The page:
A roadside bomb killed a district police chief and his two bodyguards in a restive southern province in the second attack in as many days targeting local authorities in Afghanistan, police officials said Monday.
The roadside bomb in Helmand exploded as Mohammad Saifullah, the police chief in the province's Garm Ser district, was driving by Sunday night, said Helmand provincial police chief Mohammad Hakim Angar. All three men were killed by the blast.
The province is one of Afghanistan's most violent, and sits in the heart of the Taliban's traditional stronghold in the south.
Security responsibilities in Helmand's capital have already been handed over to Afghan forces by NATO, as part of the U.S.-led coalition's plan to withdraw its combat troops from the country by the end of 2014. Two other districts in the province are being recommended for an upcoming second phase of handovers, but Garm Ser is not among them.
The police official's death comes a day after a suicide bomber blew himself up among worshippers concluding prayers on the first day of a main Islamic holiday, killing seven people including two local police officials, in the northern province of Baghlan. A second would-be suicide bomber was captured before detonating his explosives.
The attacks are part of the insurgency's strategy of targeting Afghan government and security officials, and raise questions about Afghan security forces' ability to take on the Taliban by themselves after NATO withdraws its combat forces.
The U.S.-led coalition has said it has made significant gains in curtailing the Taliban's strength.
The coalition's push in the south of the country, the Taliban's traditional stronghold, has to a degree lessened the violence. But it has also pushed them to other parts of the country where attacks had been less common.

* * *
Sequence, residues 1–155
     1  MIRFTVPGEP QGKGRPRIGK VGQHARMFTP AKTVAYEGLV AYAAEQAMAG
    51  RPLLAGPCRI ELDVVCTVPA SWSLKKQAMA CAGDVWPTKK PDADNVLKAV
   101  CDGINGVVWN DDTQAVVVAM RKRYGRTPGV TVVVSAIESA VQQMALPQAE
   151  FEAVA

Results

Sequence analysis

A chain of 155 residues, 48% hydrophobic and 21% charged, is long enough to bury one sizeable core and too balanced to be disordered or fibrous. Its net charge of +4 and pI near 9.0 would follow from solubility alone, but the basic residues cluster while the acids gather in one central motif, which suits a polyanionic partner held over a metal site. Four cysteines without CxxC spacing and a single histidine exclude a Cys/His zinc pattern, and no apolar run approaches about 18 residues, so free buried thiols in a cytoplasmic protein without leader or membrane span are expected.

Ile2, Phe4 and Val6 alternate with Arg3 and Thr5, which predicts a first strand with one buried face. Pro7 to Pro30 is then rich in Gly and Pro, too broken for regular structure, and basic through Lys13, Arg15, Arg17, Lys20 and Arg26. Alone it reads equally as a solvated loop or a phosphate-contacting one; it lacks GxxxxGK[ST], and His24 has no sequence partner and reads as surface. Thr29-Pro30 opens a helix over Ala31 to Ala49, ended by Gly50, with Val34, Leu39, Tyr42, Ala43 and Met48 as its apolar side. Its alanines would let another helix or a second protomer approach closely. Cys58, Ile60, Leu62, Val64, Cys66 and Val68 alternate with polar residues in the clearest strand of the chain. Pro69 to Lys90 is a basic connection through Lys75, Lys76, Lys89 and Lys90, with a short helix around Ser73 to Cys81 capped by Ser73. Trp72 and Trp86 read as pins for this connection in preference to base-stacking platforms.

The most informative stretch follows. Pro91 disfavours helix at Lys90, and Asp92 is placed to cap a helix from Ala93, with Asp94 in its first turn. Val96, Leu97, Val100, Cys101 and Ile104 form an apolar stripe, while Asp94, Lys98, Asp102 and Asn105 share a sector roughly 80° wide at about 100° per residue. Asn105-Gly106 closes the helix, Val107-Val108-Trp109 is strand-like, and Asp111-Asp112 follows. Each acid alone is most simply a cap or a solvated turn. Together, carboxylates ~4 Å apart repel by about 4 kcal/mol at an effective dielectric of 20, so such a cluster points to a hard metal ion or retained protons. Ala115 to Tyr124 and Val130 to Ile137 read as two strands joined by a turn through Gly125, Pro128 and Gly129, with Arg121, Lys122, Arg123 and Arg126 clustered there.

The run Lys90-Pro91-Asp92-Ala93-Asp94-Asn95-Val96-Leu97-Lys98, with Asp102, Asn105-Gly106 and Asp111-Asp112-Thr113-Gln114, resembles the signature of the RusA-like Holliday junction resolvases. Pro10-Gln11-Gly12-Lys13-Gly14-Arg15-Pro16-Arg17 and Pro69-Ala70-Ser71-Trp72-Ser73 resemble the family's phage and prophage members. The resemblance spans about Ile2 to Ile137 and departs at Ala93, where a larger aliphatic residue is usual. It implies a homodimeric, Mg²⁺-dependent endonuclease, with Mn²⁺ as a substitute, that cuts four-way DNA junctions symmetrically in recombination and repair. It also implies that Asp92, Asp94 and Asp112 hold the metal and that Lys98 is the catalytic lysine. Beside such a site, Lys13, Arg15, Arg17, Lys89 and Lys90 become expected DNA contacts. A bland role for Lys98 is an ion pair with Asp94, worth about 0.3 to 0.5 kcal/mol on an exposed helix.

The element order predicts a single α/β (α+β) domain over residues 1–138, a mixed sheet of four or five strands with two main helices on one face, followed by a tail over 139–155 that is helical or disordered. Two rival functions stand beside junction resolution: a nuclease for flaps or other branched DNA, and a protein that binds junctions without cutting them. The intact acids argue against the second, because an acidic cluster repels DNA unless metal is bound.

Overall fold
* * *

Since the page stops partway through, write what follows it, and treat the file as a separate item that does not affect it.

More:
In the eastern province of Nangarhar's Behsud district, a combined Afghan and NATO force killed one Afghan and wounded another during an operation targeting a Taliban facilitator who provided logistical support and weapons to insurgents in the area, NATO said in a statement Monday. Two suspected insurgents were detained. The statement did not make clear whether the man killed was a suspected insurgent.
Afghanistan's eastern border with Pakistan is a particular source of concern for NATO. The area is rife with militant activity, including the al-Qaida and Taliban-linked Haqqani network that operates from what Afghan and coalition officials say are safe havens in Pakistan.
Also in the east, NATO said an Afghan male was shot dead by a joint coalition-Afghan force after he failed to comply with orders and "displayed hostile intent toward the security force." The incident occurred as the troops were searching for a Haqqani facilitator in Badakshan province's Argo district, NATO said.